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Tableau 2018.2 is currently in Beta and on its list of great features is Dashboard Extensions. Dashboard Extensions are custom dashboard zones that enable new dashboard functionality and integration with other applications via the Tableau interface. Internal developers and technology partners can build Extensions using the Extensions API, but any Tableau Creator or Explorer can add Extensions to their dashboards without writing a single line of code.
Adding an Extension to your dashboard could not be easier. In Desktop and web authoring, just drag the Extension object from the Objects pane to anywhere on your dashboard in the same way you add a Sheet or any other object.
After you drag an Extension into your dashboard, you will be prompted to choose an Extension that has either been created by you or someone within your organization, or that you’ve downloaded from the new Extension Gallery (launching as a beta with 2018.2). The Extension Gallery will have downloadable extensions created by technology partners. Extensions live in a .trex file on your computer; this file is the Extension “manifest.” The light-weight files contain instructions for Tableau on how to add the Extensions to your dashboard.
The possible use cases for Extensions are limited only by the imaginations of people who learn how to use the Extensions API, but the most common use cases serve interacting with your data in new ways and integrating with external systems. Here are a few great examples built by our partners.
Let’s start with a simple example of interacting with your data in new ways. One common use of Tableau dashboards is to monitor ever-changing data. And, if your dashboard points at data that is changing regularly, you want the dashboard to refresh regularly. This means you have to continuously click the refresh button or use some other kind of workaround.
Our friends at Starschema, Inc. recognize this and built an Extension that refreshes your data on a timer.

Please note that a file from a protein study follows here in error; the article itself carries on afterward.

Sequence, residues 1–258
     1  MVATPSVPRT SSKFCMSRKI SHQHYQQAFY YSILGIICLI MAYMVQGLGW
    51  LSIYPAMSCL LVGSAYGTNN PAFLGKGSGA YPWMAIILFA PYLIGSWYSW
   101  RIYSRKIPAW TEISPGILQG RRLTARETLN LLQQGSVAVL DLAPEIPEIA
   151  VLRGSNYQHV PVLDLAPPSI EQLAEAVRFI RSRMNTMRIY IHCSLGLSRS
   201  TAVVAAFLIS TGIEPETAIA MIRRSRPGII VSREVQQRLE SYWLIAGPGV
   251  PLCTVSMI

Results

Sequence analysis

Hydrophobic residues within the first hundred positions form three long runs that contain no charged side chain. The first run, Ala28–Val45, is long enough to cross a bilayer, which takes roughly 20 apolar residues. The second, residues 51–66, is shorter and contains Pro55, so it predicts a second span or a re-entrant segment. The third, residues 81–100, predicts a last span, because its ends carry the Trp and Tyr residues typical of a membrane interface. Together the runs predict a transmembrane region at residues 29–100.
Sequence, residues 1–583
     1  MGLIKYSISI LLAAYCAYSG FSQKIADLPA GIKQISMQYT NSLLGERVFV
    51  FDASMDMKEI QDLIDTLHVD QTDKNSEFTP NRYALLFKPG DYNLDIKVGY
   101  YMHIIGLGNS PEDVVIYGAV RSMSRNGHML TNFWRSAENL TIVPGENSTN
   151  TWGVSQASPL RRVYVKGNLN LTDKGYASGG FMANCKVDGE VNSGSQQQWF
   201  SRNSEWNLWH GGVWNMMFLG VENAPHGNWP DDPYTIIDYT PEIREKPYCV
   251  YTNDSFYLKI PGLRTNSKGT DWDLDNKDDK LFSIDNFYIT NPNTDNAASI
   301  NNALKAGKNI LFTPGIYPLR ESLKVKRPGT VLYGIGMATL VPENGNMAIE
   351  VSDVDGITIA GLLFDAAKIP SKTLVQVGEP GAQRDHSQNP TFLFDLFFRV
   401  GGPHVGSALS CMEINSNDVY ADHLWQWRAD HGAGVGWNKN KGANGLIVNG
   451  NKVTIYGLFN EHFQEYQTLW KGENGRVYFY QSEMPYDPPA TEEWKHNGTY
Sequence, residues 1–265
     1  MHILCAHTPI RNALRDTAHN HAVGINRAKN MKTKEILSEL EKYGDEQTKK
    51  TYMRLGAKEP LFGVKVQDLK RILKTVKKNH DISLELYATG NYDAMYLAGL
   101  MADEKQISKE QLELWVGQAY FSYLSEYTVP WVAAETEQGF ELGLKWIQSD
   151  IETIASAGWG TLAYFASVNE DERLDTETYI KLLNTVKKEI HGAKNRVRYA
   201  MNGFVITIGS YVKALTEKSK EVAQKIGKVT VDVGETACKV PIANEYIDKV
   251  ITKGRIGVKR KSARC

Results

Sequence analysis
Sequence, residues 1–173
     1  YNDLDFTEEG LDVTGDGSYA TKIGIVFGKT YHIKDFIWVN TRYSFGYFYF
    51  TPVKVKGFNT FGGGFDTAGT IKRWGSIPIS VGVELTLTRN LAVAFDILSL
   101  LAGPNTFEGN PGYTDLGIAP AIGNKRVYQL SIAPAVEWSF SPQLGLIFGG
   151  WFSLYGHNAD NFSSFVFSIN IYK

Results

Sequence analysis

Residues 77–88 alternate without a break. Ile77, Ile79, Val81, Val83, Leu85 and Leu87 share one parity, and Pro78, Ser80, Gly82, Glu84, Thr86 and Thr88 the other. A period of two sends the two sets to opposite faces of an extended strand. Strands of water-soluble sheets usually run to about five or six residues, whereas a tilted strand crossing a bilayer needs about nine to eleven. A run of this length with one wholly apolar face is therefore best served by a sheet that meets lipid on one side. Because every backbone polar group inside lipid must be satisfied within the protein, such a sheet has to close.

In the image above, I’ve added Starschema’s autorefresh.trex to the dashboard. The extension is counting down to 0 when it will refresh all of the data sources associated with the dashboard. And, because the Extensions API can query my dashboard’s parameters, I can configure the refresh time with a native Tableau parameter! This is a simple example of what is possible when creative partners are able to do things like refresh and query parameters with an API.
Narrative Science is an artificial intelligence company that specializes in Natural Language Generation. Their technology is able to interpret your data and transform it into insightful, natural language “narratives” that help you find new insights from your dashboards.
After adding the Narratives for Tableau Extension to a dashboard, I can choose which dimensions should be used for the generated narratives. Once I configure my preferences for the narrative, data is sent to Narrative Science’s Natural Language Generation engine and then displayed in an easy-to-digest format:
And, because the Extensions API can “listen” to user interactions, the narrative will update as I filter and select marks:
These two Extensions will take your dashboards to the next level, but they only scratch the surface of what is possible with Dashboard Extensions. We are also working with Frontline Systems, a vendor of optimization software; Automated Insights, experts in Natural Language Generation; Infotopics, a Tableau partner with a variety of awesome Extensions; K4 Analytics, bringing writeback and P&L to Tableau; and The Information Lab, a Tableau Gold partner. These partners are already wowing us with creative Extensions ideas and creating new possibilities with Tableau dashboards, and we are excited to see what else will be built.
For all of our friends in Enterprise IT departments, we know what you’re thinking: “Extensions sound great, but I want to manage which ones are allowed to run on Tableau Server or Online”. Don’t worry, we have added a new set of Server and site settings that allow you to decide which Extensions can run.
At the site level, admins can specify which Extensions are allowed to run, whether the Extension has full data access, and if users are prompted before the Extension executes.
At the Server level, admins can block specific Extensions from running on any site.
Extensions can also be completely turned off at both the Server and the site levels, so admins have full control.
The mission of the Developer Platform team at Tableau is to unleash the creativity of third-party developers so that they can bring new functionality to Tableau users. We have been working hard to bring that power all the way into heart of Tableau, and we are excited to find out what new use cases Dashboard Extensions enable for you!